I tried skis with the side cut spread across the front and back ski i.e. each ski starts wide and ends narrow, with the rear ski turned 180 degrees to form a constant arc across the two skis, this year for the first time. As much as I found them interesting, they have an inherent problem. At speed they work fine and will carve well on their edges as per a conventional ski. As soon as the front ski begins to take a different line, as in when you want to scrub speed off by allowing the rear to slide out sideways, then a whole new geometry problem arises. Most obvious was when you wanted to “hockey stop” to a halt, as you kicked out the back end and lent the bike into the slow speed corner, the geometry arrangement actually makes the ski edge bite in even at more of an angle, the last thing you want. It really did perplex me to start with and once I learnt to keep the bike much more upright, to the point of actually almost slanting the bike down the hill, I could break the ski off its edge, but for a novice that is not very intuitive as under G force the bike naturally leans in, simply compounding the problem. In comparison to a normal ski, you have to ask whether the high speed advantages are worth the slow speed disadvantages.

Shared sidecut skis - are the high speed advantages are worth it?

Skibiking with three others who I hadn't skibiked with for a year and noting how their sytles have changed highlighted something to me, watching the film I had taken reinforced that. All four of us are self-taught, without really discussing method and generally have evolved a method to get down the mountain safely and in control. We are all now very competent and as good as most. What we have all done is end up with a very similar style of riding though, yes some sit, some stand but we all ride with that very “waggly” rear ski controlling our speed and the front maintaining the direction.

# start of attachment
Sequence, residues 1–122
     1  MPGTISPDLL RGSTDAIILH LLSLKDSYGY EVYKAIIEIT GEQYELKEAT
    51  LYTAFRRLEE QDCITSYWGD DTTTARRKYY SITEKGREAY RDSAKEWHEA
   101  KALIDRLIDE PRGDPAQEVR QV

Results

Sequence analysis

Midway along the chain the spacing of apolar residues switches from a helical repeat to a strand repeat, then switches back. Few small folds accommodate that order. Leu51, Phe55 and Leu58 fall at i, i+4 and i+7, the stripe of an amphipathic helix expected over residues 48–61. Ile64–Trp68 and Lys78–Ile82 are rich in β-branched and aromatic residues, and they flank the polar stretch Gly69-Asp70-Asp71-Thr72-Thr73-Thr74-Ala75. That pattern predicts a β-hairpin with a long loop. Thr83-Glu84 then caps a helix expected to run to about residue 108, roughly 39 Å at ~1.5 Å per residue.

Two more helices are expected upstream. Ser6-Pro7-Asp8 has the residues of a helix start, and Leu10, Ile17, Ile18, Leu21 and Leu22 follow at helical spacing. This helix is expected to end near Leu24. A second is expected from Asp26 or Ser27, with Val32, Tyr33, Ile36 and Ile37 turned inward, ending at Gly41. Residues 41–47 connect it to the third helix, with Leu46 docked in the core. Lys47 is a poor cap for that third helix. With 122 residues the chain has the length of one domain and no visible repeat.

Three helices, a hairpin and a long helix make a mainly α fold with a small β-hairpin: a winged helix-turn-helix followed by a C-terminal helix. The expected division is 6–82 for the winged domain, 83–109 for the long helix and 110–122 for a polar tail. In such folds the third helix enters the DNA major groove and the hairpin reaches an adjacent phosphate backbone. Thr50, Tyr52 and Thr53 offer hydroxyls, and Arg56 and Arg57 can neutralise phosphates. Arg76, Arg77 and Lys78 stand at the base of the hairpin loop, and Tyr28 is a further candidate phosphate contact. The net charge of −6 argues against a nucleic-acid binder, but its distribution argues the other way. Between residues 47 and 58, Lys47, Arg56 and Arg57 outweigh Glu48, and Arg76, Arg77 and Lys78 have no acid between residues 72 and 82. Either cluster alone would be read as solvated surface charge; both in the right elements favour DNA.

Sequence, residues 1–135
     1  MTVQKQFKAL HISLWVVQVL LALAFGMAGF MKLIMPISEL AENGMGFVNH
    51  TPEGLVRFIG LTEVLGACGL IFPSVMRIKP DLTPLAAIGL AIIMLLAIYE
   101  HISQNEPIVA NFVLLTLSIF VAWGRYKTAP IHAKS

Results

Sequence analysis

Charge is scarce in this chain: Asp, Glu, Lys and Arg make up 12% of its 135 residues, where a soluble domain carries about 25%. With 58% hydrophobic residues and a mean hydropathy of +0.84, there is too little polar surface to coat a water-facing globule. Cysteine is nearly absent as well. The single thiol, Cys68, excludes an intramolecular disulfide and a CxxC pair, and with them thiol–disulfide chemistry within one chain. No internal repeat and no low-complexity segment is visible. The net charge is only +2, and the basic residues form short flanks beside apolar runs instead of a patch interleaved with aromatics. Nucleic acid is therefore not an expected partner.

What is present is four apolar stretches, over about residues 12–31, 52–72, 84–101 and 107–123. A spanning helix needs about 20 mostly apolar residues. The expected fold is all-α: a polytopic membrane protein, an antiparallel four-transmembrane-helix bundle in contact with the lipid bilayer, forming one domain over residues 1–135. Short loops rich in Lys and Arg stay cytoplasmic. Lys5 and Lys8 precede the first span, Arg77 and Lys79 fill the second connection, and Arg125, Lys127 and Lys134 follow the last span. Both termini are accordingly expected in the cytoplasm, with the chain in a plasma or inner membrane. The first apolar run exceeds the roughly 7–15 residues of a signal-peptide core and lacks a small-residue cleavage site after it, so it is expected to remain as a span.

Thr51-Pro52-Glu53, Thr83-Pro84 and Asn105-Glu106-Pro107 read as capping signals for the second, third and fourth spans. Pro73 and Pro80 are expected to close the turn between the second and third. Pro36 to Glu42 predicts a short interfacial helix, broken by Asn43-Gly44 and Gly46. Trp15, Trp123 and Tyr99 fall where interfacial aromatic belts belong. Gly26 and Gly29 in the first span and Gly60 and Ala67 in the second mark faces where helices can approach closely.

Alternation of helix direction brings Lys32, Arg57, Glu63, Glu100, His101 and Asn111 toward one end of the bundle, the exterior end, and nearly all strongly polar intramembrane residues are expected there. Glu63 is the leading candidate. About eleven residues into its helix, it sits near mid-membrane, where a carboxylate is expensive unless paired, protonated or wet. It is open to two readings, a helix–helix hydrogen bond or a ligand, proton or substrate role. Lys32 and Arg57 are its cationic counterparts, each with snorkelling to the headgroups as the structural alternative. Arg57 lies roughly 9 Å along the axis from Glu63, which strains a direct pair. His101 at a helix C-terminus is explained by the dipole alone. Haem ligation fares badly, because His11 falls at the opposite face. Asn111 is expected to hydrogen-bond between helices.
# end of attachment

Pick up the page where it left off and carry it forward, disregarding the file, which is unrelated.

Skibikers - time to go waggle that rear ski

Some will criticise that we are not carving enough, but if you think this method through and compare it to normal skiing, you have to ask just actually how much do you carve with skis. Yes in nice open terrain, say nice blues and easy reds, you do carve on skis but then ski bikes do take nice open turns, using the edges to carve on similar terrain. On steep black runs or tight tracks between pistes, where you short swing down the fall line, in skiing you actually are encouraged to compress your legs slightly to encourage side slip, controlling speed, use a leg extension to edge check and build a platform, to then compress the legs ( unweighting ) rotate the skis back up the fall line and across to the new direction, again side slipping to control speed.

Surely with the evolving method that the four of us are using, are we not doing the same. The front ski controls our heading whilst the rear ski goes from side to side controlling speed, the rider compresses / lowering their body to allow the side slip just as a skier would, now extend out the legs to effectively load the ski edge ( platform ) and then pull the legs in to allow the bike to rotate back up the hill, once past the fall line allow the bike to side slip and start to extend the legs slightly, using the side slip to control the speed. As Skibikers we need to also use the front ski to maintain direction and I'm tending to find that on very steep slopes the handle bars are nearly always in the same plane as my shoulders, i.e. if I'm facing say 10 o'clock to the fall line then my front ski is pointing much the same. That again is a skiing basic, your shoulders should always face down the fall line.

Evolving skibike riding methods - perhaps it's time to write a book

Interesting stuff, perhaps I should write an illustrated book. Lol!

So another ski season on bikes and I think probably the first true season where we virtually can go anywhere in the ski world and ski bike, give yourselves a big pat on the back all those who have been at the forefront with seeking permissions from ski resorts and a further big pat on the back to all those participants who are now actively “ Ski Biking”.